This example of a flawlessly written Postpartum Depression Research Paper and its consequences on child development is provided below.
The social learning theory has been the theoretical foundation for the majority of studies on sport socialization. To date, this perspective has been the most popular and most productive framework in both theory and empirical findings. In an effort to explain why people behave as they do, social learning theory emphasizes the prominent roles played by vicarious, symbolic, and self-regulatory processes in psychological functioning.
Experiential learning theory integrates the research on cognitive development and cognitive style. Kolb credits the work of Lewin in the I940’s and the sensitivity training of the 1950s and 1960s with his understanding of the importance of experience in the learning process. He conceives of learning as a four-stage cycle.
It is essentially an open system capable of using the information generated by each stage to self-correct when the cycle repeats. Reflective strategies leading to action are based on avoidance of error and on the reward for active accomplishment. Kolb states, “Thus, in the process of learning, one moves in varying degrees from actor to observer, from specific involvement to general detachment” in a continuous cycle.
This is a teleological approach using cost/benefit analysis to determine needed accommodations. Positive findings were reported for this model of instruction in the literature, but studies were primarily descriptive, not specifically tied to Kolb’s theory, and focused on the assumption of skills used in a professional role. Isolated data, from my perspective, has little meaning unless tied to theory.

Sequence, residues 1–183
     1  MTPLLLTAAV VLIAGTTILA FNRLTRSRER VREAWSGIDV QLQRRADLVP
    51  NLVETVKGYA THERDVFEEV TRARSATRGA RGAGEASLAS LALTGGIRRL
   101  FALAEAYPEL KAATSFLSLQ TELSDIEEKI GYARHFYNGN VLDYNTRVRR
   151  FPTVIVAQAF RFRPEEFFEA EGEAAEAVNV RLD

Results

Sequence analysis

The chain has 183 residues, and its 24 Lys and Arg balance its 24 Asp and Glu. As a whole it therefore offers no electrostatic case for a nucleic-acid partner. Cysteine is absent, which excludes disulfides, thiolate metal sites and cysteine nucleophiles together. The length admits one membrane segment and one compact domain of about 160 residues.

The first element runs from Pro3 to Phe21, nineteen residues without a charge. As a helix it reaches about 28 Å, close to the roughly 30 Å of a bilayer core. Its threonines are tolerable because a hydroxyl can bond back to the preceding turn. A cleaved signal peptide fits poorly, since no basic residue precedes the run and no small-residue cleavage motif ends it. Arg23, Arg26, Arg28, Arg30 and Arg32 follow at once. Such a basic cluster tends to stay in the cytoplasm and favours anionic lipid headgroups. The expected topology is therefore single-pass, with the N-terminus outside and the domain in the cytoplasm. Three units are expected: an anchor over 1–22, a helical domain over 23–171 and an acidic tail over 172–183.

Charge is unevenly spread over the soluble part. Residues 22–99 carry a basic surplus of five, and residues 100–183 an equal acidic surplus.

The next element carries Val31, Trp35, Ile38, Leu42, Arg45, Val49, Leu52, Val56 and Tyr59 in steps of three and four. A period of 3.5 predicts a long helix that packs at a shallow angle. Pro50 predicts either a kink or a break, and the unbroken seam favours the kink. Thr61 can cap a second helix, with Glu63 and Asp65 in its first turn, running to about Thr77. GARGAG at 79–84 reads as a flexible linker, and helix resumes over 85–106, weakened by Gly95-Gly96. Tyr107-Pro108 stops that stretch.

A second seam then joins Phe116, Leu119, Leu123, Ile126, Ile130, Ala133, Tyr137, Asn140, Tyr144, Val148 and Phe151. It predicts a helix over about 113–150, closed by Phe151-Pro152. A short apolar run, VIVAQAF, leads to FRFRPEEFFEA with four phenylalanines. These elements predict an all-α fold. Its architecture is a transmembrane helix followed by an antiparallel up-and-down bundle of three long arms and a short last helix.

This model was not designed specifically for moral development as were the Perry and Kohlberg models, and the validation and/or use of Kolb’s Learning Style Inventory is the focus of the experiential learning theory literature. An advantage of this model is that it allows for self-correcting behavior as one learns skills. It does not, however, offer a structure that balances the needs of the individual, the profession, the environment, and the patient concurrently.
The lack of inclusion of non-justice perspectives limits the appropriateness of Kohlberg’s theory as a model for ethics instruction among the health care professions. Without the ability to include alternative philosophical perspectives, Kohlberg’s work does focus on ”indoctrination.”
This could probably nicely accommodate professional interests but it lacks appropriateness to meet the pluralistic demands of clinical practice that must also be grounded in a recognition of environment-centered and patient-centered concerns.
Change takes place in societies and individuals in many different ways and there are so many theories that to pin down when change happens is practically impossible. Rules and techniques can also be examined in a psychological aspect keeping in view academic research and theory. This would help in developing a structure for the proper use and assessment of program assumptions including methods of implementation. People who advocate change assert that their programs will usher in change encourage participants to become leaders in their respective positions to bring in change. All participants are kept informed, and the changes in the system are virtually free of any risks or hazards. Continue reading “Societal And Individual Changes”